- Will users understand the software I build for them? I should probably do some Beta Testing or Corridor Testing to mitigate Visiblity Risk.
- To go live, am I going to need some piece of real-world paperwork? Test the process ahead-of-time to expose all the Hidden Risks
Where It’s Used
- Waterfall initially was conceived with a long, manual testing phase to be performed on the whole system after development
- Extreme Programming championed the use of Unit Tests in order to test individual subsystems, as well as having an On-Site Customer to act as a testing resource when needed.
Often, the decision of whether to automate a test will be based on whether or not it can be expressed objectively. For example, checking that a REST endpoint “returns the right error code” is objective, and is therefore a candidate for automation.
Automated tests look roughly the same, irrespective of the scope they are trying to test.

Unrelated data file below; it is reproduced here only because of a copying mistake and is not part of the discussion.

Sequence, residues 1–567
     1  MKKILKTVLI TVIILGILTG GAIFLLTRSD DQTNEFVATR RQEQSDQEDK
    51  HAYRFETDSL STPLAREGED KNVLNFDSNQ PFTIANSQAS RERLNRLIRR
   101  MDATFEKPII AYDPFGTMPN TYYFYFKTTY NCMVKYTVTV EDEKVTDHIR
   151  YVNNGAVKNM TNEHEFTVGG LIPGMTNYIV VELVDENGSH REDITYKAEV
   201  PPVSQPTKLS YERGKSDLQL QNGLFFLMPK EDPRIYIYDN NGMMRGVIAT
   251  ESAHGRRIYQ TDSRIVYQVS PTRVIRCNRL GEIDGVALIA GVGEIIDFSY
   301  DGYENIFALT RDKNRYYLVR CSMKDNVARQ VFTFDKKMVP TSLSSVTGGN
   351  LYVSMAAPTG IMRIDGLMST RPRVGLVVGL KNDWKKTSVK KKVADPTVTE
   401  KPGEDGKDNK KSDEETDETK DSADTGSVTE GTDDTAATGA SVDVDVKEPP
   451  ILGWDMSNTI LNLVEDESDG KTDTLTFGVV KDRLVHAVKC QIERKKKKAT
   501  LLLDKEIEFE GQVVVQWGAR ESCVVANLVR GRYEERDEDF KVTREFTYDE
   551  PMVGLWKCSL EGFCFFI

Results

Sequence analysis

- We have a System Under Test, which may be a single class, or a whole executable.
- We have some Input Conditions for the test, and some Expectations.
- When the test is executed, we compare the actual outputs with the expected ones, giving us The Result.
A useful way to think about automated testing is that it turns the System Under Test into a Pure Function: This means that for a specific set of inputs, the system will produce a specific output, reliably, every time.
Getting complex systems to behave as pure functions can be costly, but there are techniques to help with this such as Mocking. However, if you try to devise as much of your software in a pure-functional way to start with, automated testing is much easier.